As you’ll see by the disclaimer at the top of my blog, everything I say is simply my opinion and interpretation of doctrine, for official doctrine you can visit www.lds.org.  But, I will give you my honest opinions, and I will base them on scripture and doctrine to the best of my ability.

If I don’t know the answer to your question, then I’ll endeavor to get you an answer. 

Since I intend to keep this present at all times, I’ve created an “Ask a Mormon” page (click here).  All you have to do is type in your question in the comments at the bottom of the page.  I don’t moderate them.  If the question seems genuine, I’ll answer it in a dedicated post.  If it’s not genuine, or if your purpose seems to simply be to argue, disrupt, or be disrespectful, don’t bother – I’ll delete it and move on.

But if you’re someone who genuinely wants to know what Mormons believe about something, just ask.  But don’t ask here – go to the page.  Please reserve comments on this post to the endeavor as a whole, and not for specific questions.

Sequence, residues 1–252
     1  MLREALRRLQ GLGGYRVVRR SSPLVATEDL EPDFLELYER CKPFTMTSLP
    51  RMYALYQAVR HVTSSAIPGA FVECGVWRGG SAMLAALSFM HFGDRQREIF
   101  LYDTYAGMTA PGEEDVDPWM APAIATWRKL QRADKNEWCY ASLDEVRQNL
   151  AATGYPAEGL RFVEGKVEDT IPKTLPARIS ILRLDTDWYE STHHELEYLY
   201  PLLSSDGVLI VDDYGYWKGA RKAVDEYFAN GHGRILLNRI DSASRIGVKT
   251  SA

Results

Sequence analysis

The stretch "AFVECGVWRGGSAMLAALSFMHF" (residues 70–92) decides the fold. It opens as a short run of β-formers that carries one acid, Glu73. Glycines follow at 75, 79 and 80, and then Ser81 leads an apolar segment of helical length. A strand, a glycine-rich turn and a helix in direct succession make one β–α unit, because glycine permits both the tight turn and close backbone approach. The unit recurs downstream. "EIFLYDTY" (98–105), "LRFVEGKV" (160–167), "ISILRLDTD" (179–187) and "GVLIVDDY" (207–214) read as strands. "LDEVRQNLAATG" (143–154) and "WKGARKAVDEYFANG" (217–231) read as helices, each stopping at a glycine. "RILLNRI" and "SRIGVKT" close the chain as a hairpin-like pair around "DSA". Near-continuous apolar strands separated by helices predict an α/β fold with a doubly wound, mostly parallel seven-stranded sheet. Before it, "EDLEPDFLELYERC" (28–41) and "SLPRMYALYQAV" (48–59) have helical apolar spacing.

Thanks,
Rusty

Radiating the glory of the Son

Rusty

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The underestimated power of faith

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Faith fitness – day 1 (Testimony)

This post is part of a series called Faith Fitness – increasing our capacity to believe.  Don’t forget to see the intro, part 1 (Testimony), part 2 (Optimism), and part 3 (Hope).

Fantastic.  You’ve all joined me again.  That must mean you’re ready to improve the fitness of your faith and increase your capacity to believe.

From now on, let us refer to ourselves as FAITH CADETS.  Oh, okay, so that’s a bit much…

Still, I want to emphasize the importance of becoming lifelong students of faith.  Faith is a foundational principle.  Our ability to understand, accept, and live accountably for the deeper principles of exaltation is directly proportional to the soundness of our faith.

Like a muscle, your faith will either grow, or atrophy depending on how much you exercise it.  When our faith falls into disuse, it too grows weaker.  That’s the unavoidable law of entropy.  Those of the strongest faith are those who use it regularly, those who make it a part of their daily lives, and not just some vague principle taught in Sunday school.   

It is up to us to take faith from principle… to practice.

Before we begin today’s exercise, we need understand an important part of faith – that faith is founded upon testimony of truth.  Faith not founded on pure doctrine is merely self-disillusionment.